Though the idea is as old as the traditional 6-string guitar itself, does adding extra strings for expanded range the makings of the ultimate guitar for heavy metal music?
By: Ringo Bones
Even though the idea of adding some extra strings to the instrument to expand its range is as old as the traditional 6-string guitar itself – indeed it is, in fact, much older than the one cobbled up by Andres Segovia. Renaissance and Baroque era lutenists often added extra bass courses to their advanced lessons to facilitate a more ambitious musical counterpoint. More recently, George Van Eps conceived a 7-string Gretsch in hopes of rivaling the piano’s harmonic richness. During the mid-1980s, Steve Vai created a 7-string Ibanez so that he could “shred” unimpeded across five-and-a-half octaves and Jazz guitarist Charlie Hunter employed 7-string and 8-string Novax guitars to play simultaneous bass and guitar lines.
But the more recent 7-string and 8-string solid-body electric guitar mania springs fourth from a more visceral desire – to play heavy metal guitar riffs so low in pitch and lethal they make your fillings rattle. Ever since rap hip-hop and hardcore punk metal hybrid bands like Korn and Limp Bizkit got lucky enough to get regular mainstream FM radio airplay during the late 1990s, guitar companies have ever since issuing an unprecedented number of electric guitars with low B-strings (61.7 Hz). During the heyday of hair-metal, 7-string and 8-string solid-body electric guitars was usually an expensive custom item, but ever since the Y2K scare came and went, 7-string and even 8-string solid-body electric guitars in the 500 US dollar to 1,500 US dollar price range suddenly became something that any self-respecting progressive avant-garde 21st Century era heavy metal band can’t do without.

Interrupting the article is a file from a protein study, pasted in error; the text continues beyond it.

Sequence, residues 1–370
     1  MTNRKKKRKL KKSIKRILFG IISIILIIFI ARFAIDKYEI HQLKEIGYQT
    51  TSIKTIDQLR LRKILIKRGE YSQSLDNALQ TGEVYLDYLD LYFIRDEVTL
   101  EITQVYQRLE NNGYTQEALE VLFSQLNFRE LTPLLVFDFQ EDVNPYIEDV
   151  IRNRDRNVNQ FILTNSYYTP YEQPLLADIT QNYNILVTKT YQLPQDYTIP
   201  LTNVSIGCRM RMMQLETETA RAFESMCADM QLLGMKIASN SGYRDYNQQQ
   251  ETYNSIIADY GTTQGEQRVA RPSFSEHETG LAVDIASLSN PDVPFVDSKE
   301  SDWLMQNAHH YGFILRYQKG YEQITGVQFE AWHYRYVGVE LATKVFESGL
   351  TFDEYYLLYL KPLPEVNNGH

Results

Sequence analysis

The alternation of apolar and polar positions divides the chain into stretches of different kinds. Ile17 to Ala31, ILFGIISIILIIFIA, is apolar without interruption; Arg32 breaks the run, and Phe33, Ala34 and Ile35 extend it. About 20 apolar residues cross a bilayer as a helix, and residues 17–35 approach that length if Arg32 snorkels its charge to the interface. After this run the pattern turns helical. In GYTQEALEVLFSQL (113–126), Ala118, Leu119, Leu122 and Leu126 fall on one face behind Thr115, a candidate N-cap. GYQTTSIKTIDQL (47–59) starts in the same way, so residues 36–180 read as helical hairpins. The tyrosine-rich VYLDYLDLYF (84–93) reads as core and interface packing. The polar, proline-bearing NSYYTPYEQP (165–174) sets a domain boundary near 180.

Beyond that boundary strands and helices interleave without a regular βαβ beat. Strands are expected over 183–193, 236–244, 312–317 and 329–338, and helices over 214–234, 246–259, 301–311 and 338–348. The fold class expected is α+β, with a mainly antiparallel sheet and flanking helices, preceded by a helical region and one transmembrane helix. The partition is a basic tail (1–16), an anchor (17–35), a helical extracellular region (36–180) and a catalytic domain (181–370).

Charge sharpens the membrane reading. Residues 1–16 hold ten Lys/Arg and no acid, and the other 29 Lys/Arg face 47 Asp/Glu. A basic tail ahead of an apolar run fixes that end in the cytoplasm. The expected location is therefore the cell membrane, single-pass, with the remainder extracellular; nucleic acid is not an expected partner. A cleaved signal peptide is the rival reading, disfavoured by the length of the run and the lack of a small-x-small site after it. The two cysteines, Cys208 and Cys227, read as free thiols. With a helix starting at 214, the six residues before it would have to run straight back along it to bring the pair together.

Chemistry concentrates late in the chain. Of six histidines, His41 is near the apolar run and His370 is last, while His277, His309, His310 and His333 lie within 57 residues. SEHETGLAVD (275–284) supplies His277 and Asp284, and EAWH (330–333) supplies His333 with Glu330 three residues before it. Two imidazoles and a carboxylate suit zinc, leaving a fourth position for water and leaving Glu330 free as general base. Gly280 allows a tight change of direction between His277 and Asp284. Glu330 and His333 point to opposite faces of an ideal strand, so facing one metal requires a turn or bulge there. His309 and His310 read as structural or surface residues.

The most popular 8-string solid-body electric guitar in current manufacture is by Ibanez – as in their Ibanez RG8 8-string electric guitar, though the first mass-produced 8-string guitar was made by Ibanez Guitars in Japan – as in the Ibanez RG228 – primarily as a toe-in-the-water exercise to capitalize on the low-frequency-guitar-riffs mania of the late 1990s. And ever since, the 8-string solid-body electric guitar has been in widespread use by modern heavy metal guitarists who first got their major record label deals back in the mid-1990s. Such as Fredrik Thordendal and Mårten Hagström of Meshuggah, Dino Cazares of Fear Factory, Stephen Carpenter of Deftones, Justin Lowe and Trent Hafdahl of After the Burial and others. The 8-string solid-body electric guitar is particularly associated with the “djent” sound popularized by Meshuggah and other contemporary metal artists.
The 8-string guitar’s standard tuning, from low to high, is F#, B, E, A, D, G, B, E. Other alternative tuning interpolations are available and, more often than not, 8-string guitar users chose other tuning permutations to suit according to his or her playing style. Many prefer to tune the low F# string to a low E (41.2 Hz) which gives the 8-string guitar the same range as a 4-string bass guitar and to provide the 8-string guitar with a fuller sound three different E-strings were used as “sympathetic resonance strings”. While some progressive metal and alternative metal guitarists tend to tune their 8-string guitars in either open-D tuning or a more exotic Jazz-based major-thirds tuning.